How to Convert 1-Time Buyers into Loyal Customers

Once you’ve run your Holiday Season campaigns over Black Friday, Cyber Monday, and the rest of the year, how can you make sure first-time buyers return to make additional purchases in the future? Read on to see what it takes to win your audience after the most famous shopping period of the year. 

How to begin

The path to converting 1-time customers into loyal customers isn’t easy. Luckily, you’ve already called their attention, and they most likely will recognise your brand if they see it again.


But how do you ensure these buyers will turn to you not only one more time but for the rest of their customer journey?


The first step is to turn 1-time buyers into ‘repeat buyers’.

These customers will be more likely to spend more money on new and more expensive products since they already know your brand. You’re basically skipping the ‘winning and persuading your customer’ part.


Once you’ve charmed them with your business, they’ll be liable to even promote your business to other people which, in other words, means ‘free publicity’.



But is this the same as ‘loyal customers’?


Loyal customers and companies have a mutually-beneficial relationship. The customer gets what they want from your business (probably your services or products meet their needs) whilst you benefit from their exclusivity. 


Repeat buyers aren’t necessarily loyal; they can still turn to other brands to purchase similar products, only that they frequent your business more often and are more prone to engage with your products.


But how do I earn it, you may ask. The next sections will give you insights on how to follow this path to customer loyalty..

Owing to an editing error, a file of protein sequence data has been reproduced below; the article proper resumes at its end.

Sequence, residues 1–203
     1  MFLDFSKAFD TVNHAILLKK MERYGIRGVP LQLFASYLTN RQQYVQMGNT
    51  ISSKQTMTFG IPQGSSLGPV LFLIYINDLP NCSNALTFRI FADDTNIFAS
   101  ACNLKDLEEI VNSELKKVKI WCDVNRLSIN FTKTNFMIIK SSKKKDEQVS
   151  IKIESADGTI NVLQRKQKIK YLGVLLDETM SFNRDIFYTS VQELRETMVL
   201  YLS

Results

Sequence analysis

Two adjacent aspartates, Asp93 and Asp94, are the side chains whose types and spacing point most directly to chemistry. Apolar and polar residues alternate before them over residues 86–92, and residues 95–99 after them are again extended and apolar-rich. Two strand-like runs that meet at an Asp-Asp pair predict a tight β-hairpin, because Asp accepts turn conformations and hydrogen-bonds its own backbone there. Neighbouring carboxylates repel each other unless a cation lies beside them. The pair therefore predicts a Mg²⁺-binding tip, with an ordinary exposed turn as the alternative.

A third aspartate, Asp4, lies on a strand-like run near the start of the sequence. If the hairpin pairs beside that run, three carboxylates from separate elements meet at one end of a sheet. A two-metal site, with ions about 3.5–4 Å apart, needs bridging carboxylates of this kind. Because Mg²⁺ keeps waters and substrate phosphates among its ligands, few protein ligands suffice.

How to Convert your 1-time Customer: It’s all about the data.

1. Collect Data

The foundation for bringing in customers’ loyalty is to collect data. The main reason for this is that, if you’re going to persuade your customers to become exclusive, you need to have a source to take the information from, which you will later analyse.


Ways of collecting data include benefitting from traffic influx to your website. If you’ve been advertising during the Holiday Season, you’ll probably have installed the Facebook Pixel/Google Tag on your website.


These two tools will assist you with finding information about your customers; not only the number of purchases or cart abandonment rate but also more details about their behaviour. Having your tracking system installed is, therefore, essential.


In summary, you can’t convert 1-time customers into loyal ones without having a base in the first place. After all, it’s like our daily life; first, when you try to get to know someone, you ‘collect data’ about them, then you ‘analyse’ and ponder on how they behave, and finally, you’re potentially going to develop a relationship.


If you haven’t used a tracking system during the Holiday Season, please do so next year! And not only for these campaigns but also for any type during the year. Without data, your business won’t know which direction to take.

2. Analyse the Data

Now that you’ve collected the data, you need to analyse it. In this case, you can take a look at the final results of this year’s Holiday Season.


Questions to ask yourself are: Who are your potential customers, and how would you describe their behaviour? When do people purchase (is it during the morning or the evening, and what time)? How many people abandon their carts after mulling over whether to buy or not?


So now, instead of data, we’ll be talking about insights. These insights will allow us to discover their needs so that we know exactly how, when, and where we will approach them.



3. Segment Your new Customers for Re-Targeting

Alright, so now you know how your customers behave. Considering that, you need to create sets of audiences that match these insights. For example, if you know that the main customers have been young adults, take advantage of this and prepare specific audiences to match their needs. If you feel adults could turn into loyal customers as well, segment them into another audience. Don’t mix them up!